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Laboratory and field applications of UV light disinfection on six species of Legionella and other bacteria in water

... Las radiaciones ultravioletas matan a las bacterias interrumpiendo la síntesis del DNA celular. La eficacia de las radiaciones ultravioletas para matar la L. pneumophila ha sido demostrada in vitro e in vivo (63)(64)(65)(66)(67)(68)(69). ...
Legionellae are bacteria that have been identified as the cause of legionellosis. Based on a rate of about 1.2 cases of legionellosis/10,000 persons/yr (Foy et al. 1979), more than 25,000 cases of this disease are estimated to occur annually within the U.S. These cases are caused primarily by one of 23 currently recognized species of the genus Legionella. Most cases of legionnaires’ disease, the pneumonia form of legionellosis, have developed in persons who were immunosuppressed or appeared to be more susceptible because of an underlying illness, heavy smoking, alcoholism, or age (i.e., more than 50 years old). In contrast, although legionnaires’ disease has developed in some healthy persons, outbreaks involving healthy persons have been limited to the milder, nonpneumonia form of the disease called Pontiac fever.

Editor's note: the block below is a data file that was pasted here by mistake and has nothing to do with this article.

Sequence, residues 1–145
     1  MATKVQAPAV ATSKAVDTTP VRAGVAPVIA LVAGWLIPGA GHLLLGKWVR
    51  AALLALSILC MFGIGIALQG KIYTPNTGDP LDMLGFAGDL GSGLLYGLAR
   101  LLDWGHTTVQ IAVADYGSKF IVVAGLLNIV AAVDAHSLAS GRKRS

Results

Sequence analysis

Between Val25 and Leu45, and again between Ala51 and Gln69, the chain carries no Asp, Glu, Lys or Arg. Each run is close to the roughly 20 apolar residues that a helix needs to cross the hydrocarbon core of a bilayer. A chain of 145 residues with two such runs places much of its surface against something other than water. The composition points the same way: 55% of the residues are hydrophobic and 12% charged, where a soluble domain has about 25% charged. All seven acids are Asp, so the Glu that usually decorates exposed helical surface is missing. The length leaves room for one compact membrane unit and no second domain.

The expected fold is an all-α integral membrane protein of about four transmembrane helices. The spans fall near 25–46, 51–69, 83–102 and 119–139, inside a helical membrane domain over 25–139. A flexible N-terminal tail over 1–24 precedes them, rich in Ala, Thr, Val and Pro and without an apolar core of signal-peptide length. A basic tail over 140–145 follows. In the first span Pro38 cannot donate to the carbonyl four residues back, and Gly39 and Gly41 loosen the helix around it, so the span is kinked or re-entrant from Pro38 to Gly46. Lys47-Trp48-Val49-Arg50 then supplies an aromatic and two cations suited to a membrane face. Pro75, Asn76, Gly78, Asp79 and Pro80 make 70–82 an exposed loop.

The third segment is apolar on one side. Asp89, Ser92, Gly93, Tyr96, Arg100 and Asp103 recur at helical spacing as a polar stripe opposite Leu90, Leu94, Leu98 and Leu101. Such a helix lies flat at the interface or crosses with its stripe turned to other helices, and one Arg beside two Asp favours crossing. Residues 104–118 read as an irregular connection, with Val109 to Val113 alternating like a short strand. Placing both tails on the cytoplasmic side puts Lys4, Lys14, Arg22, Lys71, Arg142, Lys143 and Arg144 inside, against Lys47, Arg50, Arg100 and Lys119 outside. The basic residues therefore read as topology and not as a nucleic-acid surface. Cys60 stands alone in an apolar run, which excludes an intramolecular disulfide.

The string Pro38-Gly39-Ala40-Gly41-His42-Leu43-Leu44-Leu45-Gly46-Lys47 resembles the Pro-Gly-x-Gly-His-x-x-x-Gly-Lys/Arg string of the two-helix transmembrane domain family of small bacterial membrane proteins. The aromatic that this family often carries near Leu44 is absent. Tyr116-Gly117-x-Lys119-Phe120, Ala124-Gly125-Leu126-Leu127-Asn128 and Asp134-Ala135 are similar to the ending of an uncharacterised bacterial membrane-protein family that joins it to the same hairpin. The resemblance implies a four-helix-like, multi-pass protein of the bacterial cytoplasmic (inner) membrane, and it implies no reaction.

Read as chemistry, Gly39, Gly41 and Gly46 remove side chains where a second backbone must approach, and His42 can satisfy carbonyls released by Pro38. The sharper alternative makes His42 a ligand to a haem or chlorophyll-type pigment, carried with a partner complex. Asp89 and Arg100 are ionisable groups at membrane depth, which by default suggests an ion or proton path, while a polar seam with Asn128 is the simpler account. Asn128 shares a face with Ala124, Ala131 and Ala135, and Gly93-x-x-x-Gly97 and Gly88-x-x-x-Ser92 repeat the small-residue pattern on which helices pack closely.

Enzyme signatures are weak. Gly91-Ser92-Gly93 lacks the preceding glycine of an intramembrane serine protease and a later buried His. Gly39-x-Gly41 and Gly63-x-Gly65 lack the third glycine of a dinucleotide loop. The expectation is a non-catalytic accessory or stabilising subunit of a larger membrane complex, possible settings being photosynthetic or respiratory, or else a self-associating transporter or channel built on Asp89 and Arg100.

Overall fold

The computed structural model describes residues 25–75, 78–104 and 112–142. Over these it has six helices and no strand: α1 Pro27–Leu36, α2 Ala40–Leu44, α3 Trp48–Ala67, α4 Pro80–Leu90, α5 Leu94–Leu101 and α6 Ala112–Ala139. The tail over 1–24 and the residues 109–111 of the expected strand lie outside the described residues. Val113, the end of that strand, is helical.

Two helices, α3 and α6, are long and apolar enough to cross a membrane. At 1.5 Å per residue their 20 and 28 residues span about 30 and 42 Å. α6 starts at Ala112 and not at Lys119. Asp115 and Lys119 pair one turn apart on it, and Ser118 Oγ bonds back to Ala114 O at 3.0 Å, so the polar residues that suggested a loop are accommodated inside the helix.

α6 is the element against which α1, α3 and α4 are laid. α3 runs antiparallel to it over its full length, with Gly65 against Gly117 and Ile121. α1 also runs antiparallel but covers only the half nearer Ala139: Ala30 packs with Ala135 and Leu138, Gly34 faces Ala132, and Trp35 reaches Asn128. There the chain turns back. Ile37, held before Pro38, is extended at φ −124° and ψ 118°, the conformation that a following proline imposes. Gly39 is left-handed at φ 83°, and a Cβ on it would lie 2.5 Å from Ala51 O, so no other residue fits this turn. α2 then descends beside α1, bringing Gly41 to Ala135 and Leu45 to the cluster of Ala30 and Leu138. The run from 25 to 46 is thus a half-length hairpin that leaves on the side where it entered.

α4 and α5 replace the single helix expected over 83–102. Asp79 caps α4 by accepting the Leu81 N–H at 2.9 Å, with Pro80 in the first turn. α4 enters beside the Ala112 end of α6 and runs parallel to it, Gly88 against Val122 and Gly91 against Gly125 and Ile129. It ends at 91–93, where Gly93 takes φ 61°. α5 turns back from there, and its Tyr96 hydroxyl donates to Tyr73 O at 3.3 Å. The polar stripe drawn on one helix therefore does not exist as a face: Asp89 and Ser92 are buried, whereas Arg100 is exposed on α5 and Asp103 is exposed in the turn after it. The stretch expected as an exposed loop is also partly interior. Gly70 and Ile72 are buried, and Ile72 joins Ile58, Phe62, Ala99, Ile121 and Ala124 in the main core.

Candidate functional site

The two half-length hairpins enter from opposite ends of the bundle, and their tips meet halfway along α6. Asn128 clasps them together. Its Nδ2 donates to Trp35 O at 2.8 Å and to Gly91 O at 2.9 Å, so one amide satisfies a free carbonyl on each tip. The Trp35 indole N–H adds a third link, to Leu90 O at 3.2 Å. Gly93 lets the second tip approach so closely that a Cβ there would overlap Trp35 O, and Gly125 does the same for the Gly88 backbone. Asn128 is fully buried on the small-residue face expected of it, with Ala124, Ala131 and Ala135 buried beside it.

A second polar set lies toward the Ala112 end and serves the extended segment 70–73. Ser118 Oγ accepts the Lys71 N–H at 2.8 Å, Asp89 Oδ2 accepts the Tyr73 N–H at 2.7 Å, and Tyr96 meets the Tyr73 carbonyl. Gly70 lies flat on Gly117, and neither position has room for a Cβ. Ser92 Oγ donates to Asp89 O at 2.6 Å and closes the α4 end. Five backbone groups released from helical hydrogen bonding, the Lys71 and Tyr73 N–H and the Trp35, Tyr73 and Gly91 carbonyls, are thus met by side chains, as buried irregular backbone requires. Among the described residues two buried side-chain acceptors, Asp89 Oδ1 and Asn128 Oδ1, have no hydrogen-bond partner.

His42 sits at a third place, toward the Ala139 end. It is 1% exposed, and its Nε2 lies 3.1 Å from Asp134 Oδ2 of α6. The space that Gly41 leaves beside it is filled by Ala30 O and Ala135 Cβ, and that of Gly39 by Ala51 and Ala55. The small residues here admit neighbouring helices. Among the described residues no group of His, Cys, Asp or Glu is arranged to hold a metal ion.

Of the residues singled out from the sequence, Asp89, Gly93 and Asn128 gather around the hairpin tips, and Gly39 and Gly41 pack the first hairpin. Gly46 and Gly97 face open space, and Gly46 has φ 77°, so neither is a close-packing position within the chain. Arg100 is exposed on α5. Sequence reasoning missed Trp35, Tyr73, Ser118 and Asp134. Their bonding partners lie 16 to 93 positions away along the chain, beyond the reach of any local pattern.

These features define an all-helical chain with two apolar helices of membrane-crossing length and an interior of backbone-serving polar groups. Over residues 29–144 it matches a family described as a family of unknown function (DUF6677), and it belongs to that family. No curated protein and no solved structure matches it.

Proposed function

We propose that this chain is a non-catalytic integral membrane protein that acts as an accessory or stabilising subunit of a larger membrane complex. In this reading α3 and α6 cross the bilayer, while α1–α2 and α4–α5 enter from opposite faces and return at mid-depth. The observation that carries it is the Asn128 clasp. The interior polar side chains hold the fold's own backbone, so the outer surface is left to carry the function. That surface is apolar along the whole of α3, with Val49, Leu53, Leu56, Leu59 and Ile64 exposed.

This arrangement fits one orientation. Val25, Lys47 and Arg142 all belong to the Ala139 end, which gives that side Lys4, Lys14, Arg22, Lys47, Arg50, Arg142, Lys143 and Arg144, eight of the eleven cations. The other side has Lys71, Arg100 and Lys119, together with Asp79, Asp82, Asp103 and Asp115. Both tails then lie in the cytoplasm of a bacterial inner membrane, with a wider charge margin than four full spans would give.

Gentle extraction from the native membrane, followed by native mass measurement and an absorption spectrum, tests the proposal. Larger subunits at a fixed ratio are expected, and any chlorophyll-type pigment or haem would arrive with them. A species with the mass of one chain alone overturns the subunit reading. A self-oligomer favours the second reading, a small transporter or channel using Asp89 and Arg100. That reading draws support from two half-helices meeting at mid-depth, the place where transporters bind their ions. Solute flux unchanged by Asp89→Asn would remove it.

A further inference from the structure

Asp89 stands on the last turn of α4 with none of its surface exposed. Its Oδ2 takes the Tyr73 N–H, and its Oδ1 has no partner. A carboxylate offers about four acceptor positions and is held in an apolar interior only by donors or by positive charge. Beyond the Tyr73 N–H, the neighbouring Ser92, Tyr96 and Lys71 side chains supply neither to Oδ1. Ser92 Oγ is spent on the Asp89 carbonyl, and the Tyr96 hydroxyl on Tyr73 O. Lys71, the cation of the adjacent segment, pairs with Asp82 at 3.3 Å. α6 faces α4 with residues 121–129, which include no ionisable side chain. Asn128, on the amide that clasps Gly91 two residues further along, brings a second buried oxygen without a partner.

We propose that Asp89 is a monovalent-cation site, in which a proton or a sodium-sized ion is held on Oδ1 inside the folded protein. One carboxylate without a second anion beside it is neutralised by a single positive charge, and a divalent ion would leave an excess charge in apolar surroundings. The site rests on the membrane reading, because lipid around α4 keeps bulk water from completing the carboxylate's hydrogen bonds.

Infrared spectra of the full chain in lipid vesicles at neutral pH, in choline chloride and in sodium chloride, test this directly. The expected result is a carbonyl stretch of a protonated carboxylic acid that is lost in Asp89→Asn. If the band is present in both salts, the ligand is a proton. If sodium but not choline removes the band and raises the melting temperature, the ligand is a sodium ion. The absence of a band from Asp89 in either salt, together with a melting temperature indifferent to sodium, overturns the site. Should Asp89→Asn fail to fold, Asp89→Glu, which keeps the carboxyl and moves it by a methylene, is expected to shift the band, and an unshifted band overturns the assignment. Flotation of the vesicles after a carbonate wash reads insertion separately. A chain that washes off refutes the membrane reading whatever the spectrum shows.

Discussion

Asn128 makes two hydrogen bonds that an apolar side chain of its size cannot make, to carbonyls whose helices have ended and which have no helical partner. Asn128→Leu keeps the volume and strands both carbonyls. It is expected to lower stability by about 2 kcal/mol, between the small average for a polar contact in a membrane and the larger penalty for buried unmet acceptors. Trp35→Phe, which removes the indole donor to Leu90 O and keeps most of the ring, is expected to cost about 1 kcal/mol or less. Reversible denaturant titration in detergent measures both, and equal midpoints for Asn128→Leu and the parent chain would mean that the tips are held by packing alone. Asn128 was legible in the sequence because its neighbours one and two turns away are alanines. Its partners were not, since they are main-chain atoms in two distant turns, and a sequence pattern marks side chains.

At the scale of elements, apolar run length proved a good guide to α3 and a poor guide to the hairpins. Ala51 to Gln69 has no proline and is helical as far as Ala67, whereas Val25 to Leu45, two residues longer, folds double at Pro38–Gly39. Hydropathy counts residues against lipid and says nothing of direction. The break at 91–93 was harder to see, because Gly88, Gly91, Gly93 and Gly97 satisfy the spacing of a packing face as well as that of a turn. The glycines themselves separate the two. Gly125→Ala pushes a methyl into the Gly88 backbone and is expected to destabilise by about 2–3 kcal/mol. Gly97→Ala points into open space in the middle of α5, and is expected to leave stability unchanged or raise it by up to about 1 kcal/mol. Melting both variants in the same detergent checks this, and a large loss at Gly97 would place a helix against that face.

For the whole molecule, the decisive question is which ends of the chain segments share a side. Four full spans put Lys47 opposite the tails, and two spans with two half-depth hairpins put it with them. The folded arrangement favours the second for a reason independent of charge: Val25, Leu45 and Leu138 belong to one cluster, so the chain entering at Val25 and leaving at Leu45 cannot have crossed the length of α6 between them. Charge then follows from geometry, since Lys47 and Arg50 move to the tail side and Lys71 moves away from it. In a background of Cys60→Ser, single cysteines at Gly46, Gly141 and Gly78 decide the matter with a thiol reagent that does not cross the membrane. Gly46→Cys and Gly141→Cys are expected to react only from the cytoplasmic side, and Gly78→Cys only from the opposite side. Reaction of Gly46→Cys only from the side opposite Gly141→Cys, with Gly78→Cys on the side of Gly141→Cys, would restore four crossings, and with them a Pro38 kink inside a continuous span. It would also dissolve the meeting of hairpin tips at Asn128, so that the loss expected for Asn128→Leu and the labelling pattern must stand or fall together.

In July 1976, an outbreak of acute respiratory illness occurred during an American Legion convention in Philadelphia, Pennsylvania. Of 4,400 attendees, and some other individuals not directly associated with the convention, 221 became ill and 34 of these cases died (Fraser et al., 1977). The cause of the epidemic was unknown until later that year, when investigators at the Centers for Disease Control isolated the responsible bacterium, subsequently termed Legionella pneumophila (lung-loving) (McDade et al., 1977).